GCO has filed a brief as an “amicus curiae” (friend of the court) in the 9th Circuit case of Nesbitt v. U.S. Army Corps of Engineers. In the case, the U.S. District Court in Idaho ruled that the Corps’ ban on carrying loaded firearms on Corps property violates the Second Amendment, and the Corps appealed. Briefs in the case may be found here.
Archive for the 'News' Category
In the face of GCO’s pending motion for an interlocutory injunction, the City of Roswell has agreed to stop searching visitors to the police department. The metal detector has been removed from the lobby. In addition, Roswell has agreed to reimburse GCO for its costs of bringing a lawsuit to force this resolution, and to pay for GCO’s attorney’s fees.
The U.S. Court of Appeals for the 11th Circuit has affirmed the denial of a preliminary injunction in GCO’s case against the U.S. Army Corps of Engineers. The opinion may be read here.
HB492 was signed into law on May 6, 2015. HB492 will become law on July 1, 2015.
HB492 is the result of the Courts, Judges, AGGC and GCO getting together and agreeing on changes that needed to be done after the passage of HB60 last session. Here are the changes:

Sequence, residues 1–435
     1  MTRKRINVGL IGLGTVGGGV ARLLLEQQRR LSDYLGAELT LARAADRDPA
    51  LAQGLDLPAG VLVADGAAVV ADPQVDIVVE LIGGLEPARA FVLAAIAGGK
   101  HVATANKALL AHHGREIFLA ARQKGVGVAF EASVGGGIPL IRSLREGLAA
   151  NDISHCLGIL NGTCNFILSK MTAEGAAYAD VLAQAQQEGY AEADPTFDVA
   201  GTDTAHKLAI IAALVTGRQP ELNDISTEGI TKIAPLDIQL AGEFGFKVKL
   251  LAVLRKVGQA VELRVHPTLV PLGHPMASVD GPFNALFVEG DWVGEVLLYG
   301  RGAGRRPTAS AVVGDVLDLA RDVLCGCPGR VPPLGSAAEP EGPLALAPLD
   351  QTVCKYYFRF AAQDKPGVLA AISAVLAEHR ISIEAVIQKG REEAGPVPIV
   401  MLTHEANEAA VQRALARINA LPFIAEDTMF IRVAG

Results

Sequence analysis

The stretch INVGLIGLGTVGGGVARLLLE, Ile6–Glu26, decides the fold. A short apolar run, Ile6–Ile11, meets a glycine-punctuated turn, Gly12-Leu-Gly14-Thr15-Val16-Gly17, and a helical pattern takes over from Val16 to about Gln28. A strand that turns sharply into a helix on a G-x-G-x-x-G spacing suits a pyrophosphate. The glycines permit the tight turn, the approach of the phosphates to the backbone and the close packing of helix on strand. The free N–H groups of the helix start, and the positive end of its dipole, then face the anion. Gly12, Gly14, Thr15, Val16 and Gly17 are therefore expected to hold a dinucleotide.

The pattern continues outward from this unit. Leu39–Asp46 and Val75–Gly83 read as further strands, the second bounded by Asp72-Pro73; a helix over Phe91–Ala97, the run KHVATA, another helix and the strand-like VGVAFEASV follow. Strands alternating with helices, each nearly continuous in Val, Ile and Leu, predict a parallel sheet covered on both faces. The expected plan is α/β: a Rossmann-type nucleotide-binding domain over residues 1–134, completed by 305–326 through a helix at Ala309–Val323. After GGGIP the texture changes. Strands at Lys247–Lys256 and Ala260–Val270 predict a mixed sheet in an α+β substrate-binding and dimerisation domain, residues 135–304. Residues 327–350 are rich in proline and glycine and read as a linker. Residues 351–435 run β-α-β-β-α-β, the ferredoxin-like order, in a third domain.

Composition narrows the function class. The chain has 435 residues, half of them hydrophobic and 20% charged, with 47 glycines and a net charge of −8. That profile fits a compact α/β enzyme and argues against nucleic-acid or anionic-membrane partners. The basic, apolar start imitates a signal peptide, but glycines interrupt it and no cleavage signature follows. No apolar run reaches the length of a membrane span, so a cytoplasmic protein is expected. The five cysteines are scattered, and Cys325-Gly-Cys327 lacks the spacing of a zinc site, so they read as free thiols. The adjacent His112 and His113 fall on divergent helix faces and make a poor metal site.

1) Clarifies that government buildings are off limits only to those who do not hold a valid GWL
2) Clarifies that carrying within 150′ of a polling place is off limits ONLY when an election is taking place.
3) Clarifies that the Probate Judge cannot require a fingerprint background check when the holder has a valid GWL, regardless of the county the GWL was issued. (The Judges were requiring a background check for any license that was not originally issued in their county. This practice will stop upon this bill being signed and the effective date reached.)
4) Allows for school systems to decide punishment for any weapon carried to school by a student with the exception of firearms, dangerous weapons or machine guns or unless weapons defined as such in 16-11-127.1 are used in an assault.
5) Sets the date a GWL can be renewed to 90 days before and 30 days after expiration. The license can be renewed anytime during that 4 months.
6) Defined “Armed Forces” for the purpose of 16-11-129.
7) Sets the procedure for a State or Superior Court to notify the Probate Court when a GWL holder is convicted of any crime that would disqualify the holder from holding a license.